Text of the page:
All good now. That was all really, got off lightly compared to others.

Having no ‘common symptoms’ I think was in some way useful in raising awareness… In that not all treatments cause hair loss and chemo causing nasty side effects, which is contrary to people’s general perceptions.

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Su, I have had a number of challenges as a result of the blood cancer. Firstly I have lost 6inches in height as a result of collapsed vertebrae caused by Myeloma. I also developed osteoporosis so have a curvature. During treatment I did lose my hair and did wear a wig outside though often took it off at home. When it grew back it was curly and darker than it had been as I had started to go grey before I became ill.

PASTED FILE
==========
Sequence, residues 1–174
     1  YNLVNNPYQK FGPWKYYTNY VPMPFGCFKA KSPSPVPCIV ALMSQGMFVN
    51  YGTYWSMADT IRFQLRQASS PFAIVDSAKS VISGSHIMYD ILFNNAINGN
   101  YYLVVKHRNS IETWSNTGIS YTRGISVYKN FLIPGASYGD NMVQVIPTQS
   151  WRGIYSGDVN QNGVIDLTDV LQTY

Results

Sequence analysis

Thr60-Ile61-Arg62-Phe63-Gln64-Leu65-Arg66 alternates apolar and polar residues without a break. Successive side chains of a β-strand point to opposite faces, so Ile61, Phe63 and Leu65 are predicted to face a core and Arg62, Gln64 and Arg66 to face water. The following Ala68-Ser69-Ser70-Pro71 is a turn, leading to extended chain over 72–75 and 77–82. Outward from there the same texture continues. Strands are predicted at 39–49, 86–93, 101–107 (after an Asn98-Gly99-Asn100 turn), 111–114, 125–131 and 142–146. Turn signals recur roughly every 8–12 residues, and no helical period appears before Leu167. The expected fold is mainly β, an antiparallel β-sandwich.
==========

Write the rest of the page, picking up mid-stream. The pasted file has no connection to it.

The biggest change I suppose has been that as a result of the Myeloma my kidneys failed. As a result I am on dialysis. I chose Peritoneal Dialysis over haemodialysis because I could do it at home and go travelling too. However this means I have a permanent catheter protruding from my stomach which at first I found really challenging. However no one can see it and most of the time I don’t think about it. I am just happy that the dialysis has worked and that I still lead a very busy and active life.